Green debt markets in Asean poised to grow — SEC
Iris Gonzales (The Philippine Star) - February 10, 2020 - 12:00am

MANILA, Philippines — The green debt markets in ASEAN countries including the Philippines are poised to grow, according to the Securities and Exchange Commission (SEC).

In a keynote speech at the ASEAN+3 Bond Market Forum Meeting held recently at the Asian Development Bank (ADB) Headquarters in Manila, SEC commissioner Ephyro Luis Amatong said bond issuances under the ASEAN Green and Sustainability Bond Standards have reached more than $3.8 billion last year.

“While ASEAN may still be a relatively small player in the global Green/ Sustainability debt market – with $330 billion raised in 2019 – the rate of growth in ASEAN appears to show the necessary foundations for the development of such a green/ sustainability debt market have indeed been laid, including the issuance of a clear set of guidelines for issuers to follow and which investors, both international and domestic, recognize as holistic and reliable,” Amatong said.

Amatong said the issuance of a clear set of guidelines for issuers is among the “necessary foundations” for the development of the ASEAN Green and Sustainability debt market.

“First, we at the ASEAN Capital Markets Forum (ACMF) recognized early on the potential of green and sustainable finance to attract international investors, who, generally speaking, have had more funds to invest than investible options,” Amatong said.

Last year’s issuances amounted six times more than the $639 million issued in 2018, when the value increased by over 50 percent from 2017. Sustainability bonds accounted for $1.4 billion or 36 percent of last year’s total, up 14 times from just $100 million in 2018, according to the SEC.

Indonesia, Malaysia, the Philippines, Singapore and Thailand dominate the ASEAN Green and Sustainability bond market.

The Philippines alone has seen 15 issuances worth $3.04 billion by a range of private sector issuers, including renewable energy firms and banks taking advantage of both on- and offshore markets.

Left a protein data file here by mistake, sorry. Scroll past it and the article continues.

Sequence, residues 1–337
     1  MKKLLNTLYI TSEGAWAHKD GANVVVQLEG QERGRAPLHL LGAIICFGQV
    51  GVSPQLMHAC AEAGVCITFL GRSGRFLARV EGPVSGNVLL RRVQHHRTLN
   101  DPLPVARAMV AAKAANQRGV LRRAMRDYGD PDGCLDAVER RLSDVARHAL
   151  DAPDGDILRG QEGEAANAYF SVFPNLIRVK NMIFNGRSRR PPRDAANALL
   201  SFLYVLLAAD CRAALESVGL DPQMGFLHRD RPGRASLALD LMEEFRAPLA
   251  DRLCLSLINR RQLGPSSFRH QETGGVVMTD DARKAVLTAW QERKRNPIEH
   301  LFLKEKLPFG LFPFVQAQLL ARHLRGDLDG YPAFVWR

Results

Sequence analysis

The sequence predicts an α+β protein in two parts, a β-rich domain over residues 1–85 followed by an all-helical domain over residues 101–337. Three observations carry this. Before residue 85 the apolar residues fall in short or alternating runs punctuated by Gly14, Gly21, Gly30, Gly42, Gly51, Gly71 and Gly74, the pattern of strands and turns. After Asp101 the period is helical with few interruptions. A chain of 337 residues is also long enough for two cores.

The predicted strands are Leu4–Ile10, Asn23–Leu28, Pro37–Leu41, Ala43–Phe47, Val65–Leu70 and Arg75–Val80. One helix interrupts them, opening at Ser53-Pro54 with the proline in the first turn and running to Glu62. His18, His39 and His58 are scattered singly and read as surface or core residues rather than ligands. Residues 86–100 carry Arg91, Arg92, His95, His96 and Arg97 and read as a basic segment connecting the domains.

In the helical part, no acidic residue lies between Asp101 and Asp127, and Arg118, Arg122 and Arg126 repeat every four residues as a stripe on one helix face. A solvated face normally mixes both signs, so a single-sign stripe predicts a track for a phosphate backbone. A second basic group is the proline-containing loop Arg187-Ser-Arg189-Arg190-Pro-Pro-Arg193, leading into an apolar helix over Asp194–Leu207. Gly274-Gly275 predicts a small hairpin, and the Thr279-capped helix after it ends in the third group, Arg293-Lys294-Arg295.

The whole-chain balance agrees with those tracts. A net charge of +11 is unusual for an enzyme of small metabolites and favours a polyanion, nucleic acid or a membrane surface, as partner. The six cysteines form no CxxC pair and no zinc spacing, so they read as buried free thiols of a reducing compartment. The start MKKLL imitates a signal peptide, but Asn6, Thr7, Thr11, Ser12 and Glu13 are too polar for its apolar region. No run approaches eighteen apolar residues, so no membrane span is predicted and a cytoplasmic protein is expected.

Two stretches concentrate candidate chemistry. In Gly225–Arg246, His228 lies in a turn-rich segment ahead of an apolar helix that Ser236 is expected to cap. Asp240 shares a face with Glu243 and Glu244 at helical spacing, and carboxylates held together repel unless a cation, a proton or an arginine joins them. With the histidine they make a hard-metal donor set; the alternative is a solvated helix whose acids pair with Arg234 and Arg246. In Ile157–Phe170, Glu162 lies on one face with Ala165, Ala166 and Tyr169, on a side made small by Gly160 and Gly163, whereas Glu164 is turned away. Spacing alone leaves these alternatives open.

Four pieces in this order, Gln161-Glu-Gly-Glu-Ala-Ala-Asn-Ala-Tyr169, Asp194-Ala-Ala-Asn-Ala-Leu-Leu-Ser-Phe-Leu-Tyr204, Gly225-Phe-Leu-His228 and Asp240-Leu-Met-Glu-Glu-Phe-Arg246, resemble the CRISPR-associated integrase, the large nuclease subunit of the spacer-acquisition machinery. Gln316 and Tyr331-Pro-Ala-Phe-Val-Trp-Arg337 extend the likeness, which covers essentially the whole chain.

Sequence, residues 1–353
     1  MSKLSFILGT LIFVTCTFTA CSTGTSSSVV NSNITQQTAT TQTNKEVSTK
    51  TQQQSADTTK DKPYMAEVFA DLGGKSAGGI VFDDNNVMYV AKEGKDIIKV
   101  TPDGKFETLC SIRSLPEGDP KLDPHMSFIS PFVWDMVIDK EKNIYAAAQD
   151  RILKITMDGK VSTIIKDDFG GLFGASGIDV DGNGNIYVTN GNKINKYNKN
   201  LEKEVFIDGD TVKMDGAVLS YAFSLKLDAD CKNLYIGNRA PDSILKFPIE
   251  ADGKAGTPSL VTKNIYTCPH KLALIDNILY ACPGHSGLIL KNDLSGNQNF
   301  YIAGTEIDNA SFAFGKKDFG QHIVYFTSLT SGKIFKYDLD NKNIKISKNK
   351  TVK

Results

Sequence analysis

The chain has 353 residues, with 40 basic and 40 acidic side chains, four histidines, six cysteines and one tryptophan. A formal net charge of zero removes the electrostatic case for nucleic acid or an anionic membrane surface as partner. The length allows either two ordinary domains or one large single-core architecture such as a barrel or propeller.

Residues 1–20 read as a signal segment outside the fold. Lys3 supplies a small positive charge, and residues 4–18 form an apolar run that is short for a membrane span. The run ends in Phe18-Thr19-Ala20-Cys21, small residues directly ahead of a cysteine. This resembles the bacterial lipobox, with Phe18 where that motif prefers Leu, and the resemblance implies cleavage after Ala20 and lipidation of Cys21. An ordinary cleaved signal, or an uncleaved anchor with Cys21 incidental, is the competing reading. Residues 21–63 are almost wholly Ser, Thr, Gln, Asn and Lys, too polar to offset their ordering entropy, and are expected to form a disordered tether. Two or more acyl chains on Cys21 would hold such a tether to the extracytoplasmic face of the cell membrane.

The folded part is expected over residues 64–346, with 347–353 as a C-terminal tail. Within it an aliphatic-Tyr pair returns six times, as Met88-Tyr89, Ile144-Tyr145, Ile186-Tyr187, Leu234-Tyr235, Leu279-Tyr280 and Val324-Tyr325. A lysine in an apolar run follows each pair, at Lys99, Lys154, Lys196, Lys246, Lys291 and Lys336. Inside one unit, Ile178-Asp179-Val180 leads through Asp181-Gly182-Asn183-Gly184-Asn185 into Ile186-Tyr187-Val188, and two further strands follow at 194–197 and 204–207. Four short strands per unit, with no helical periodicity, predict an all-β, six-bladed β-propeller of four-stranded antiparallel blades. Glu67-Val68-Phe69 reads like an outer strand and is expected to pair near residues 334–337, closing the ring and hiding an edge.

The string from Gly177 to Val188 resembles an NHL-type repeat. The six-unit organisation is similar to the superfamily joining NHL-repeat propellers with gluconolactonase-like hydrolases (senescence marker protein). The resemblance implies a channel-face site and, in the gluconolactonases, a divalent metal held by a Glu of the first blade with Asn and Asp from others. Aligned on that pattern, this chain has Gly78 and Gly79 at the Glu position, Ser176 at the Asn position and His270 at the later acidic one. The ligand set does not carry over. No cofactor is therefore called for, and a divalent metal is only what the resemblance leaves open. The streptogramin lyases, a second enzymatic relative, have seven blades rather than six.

Issuers include Rizal Commercial Banking Corp. (RCBC), which has issued two sustainability bonds and one green bond totaling $742 million, of which $442 million is peso-denominated.

Ayala-led Bank of the Philippine Islands also issued green bonds under the ASEAN standards to raise $300 million and CHF100 million, with the latter transaction achieving a negative yield.

State-owned Development Bank of the Philippines also entered the domestic sustainability market, raising $352 million from the issuance of peso-denominated green bonds in late 2019.

The Philippines adopted the ASEAN Standards in August 2018, as the SEC issued the guidelines on the issuance of bonds for the financing or refinancing of projects that must provide clear environmental benefits.

These projects include renewable energy, energy efficiency, pollution prevention and control, environmentally sustainable management of living natural resources and land use, clean transportation, climate change adaptation, and green buildings.

Amatong also cited the participation of five ASEAN members in international initiatives that seek to enhance sustainability risk management and the adoption by seven members of policies to mainstream sustainable finance.

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